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  1. #1
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    Arrow Are Norris & Cherokee Destroyed?

    Both Norris and Cherokee lakes days of quality Striper fishing seem to be falling into memory.
    Norris once yielded the state record for Striped Bass. In April of 1978, a 49.5 lb Norris Striper captured the title and the future of the lake seemed bright. Then in 2003 disaster struck. Water quality caused a major fish kill that ended the lakes reputation as a quality Striped Bass fishery. Most anglers agreed that any Striped Bass recovery on Norris would be limited even with the change to a 36-inch size limit.

    Stocking levels on Norris have not increased while fishing pressure on Norris has increased drastically. There are more anglers than ever before. This is partly due to the normal growth in population but the Internet has also played a major roll in bringing anglers to the area. Events in neighboring states have also increased fishing pressure. Water levels in lake Cumberland are quite low while repairs are being made to the dam. This caused Anglers that once dropped their lines in Cumberland, to now attempt to fish Norris.

    Norris Striped bass stocking levels:
    2005 - 103655
    2004 - 103196
    2003 - 103489
    2002 - 104200
    2001 - 105857
    2000 - 103607
    1999 - 102685

    Now should be the time to increase the stocking levels of Striped Bass in Norris but any hope of this seems dim. There are many local Non-Striped Bass Anglers who oppose increased stocking levels and in fact, wish to end stocking altogether. They unjustified believe that Striped Bass are eating other game fish. Studies have shown Stripers prefer to eat shad. Very few non-shad species have ever been found in their stomachs. Thereís a great web site that tells more of the story at:
    http://www.arkansasstripers.com/norris-reservoir-striped-bass-cotroversy-tennessee.htm

    Drought and flooding conditions will always play a roll in the ecosystem of the reservoir. Some water quality problems are caused by natural cycles of nature and we have little control over their occurrence. We need to focus on the man-made water quality problems that seem to be overlooked.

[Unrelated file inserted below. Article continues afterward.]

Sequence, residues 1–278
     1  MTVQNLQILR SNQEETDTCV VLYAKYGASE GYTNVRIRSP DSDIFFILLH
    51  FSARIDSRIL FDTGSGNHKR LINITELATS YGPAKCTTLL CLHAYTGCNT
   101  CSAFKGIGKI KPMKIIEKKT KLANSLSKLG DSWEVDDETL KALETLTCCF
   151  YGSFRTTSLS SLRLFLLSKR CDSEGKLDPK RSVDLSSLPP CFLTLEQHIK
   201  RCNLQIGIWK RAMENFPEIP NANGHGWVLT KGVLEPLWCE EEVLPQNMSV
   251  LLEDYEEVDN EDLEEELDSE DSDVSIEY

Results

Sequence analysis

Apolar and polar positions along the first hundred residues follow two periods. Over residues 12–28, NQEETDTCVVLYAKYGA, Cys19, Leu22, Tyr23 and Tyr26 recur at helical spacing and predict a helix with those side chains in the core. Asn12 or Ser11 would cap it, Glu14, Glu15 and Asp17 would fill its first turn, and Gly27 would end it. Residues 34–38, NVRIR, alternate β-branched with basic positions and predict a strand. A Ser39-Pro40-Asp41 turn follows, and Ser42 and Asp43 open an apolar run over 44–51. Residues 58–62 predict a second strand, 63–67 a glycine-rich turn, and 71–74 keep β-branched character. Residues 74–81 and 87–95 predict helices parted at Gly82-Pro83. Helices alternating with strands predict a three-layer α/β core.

The Clinch River arm of Norris Lake is being contaminated with coal dust. This dust is being carried down river to the reservoir from upstream out of state coalmines.
    To this day, some docked houseboats still dump their holding tanks into the water.
    The TWRA recently issued a ďPrecautionary advisory for largemouth bassĒ due to Mercury ď levels.
    The effect of all this pollution has not yet been determined and may have a major impact in the future health of the fishery.

    This left Cherokee lake as the anglersí best hope in the region and Anglers figured this out in a hurry. It got to be well known that Cherokee was growing and retaining a decent size population of quality fish. The lake was developing into a fishery where a twenty-pound Striped Bass was becoming common and landing a fish in the 30 pound range was more than possible. Long time Norris anglers were flocking to Cherokee in droves. The Internet caused Anglers from other states to start making the drive to try their luck. Fishing pressure on Cherokee was increasing at an alarming rate. Now reports indicate that recent water conditions (due to the 2007 drought) have all but destroyed Cherokeesí population of fish exceeding 8 pounds.